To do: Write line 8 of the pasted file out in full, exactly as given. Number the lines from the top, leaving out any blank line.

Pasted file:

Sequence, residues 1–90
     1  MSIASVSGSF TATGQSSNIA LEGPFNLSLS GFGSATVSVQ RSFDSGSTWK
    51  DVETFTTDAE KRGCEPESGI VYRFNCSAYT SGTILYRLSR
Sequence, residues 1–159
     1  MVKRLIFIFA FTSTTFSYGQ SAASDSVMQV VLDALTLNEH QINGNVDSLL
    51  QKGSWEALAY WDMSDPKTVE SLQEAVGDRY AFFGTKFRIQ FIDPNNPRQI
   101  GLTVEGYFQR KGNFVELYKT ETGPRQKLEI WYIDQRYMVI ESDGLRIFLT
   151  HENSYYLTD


   151  HENSYYLTD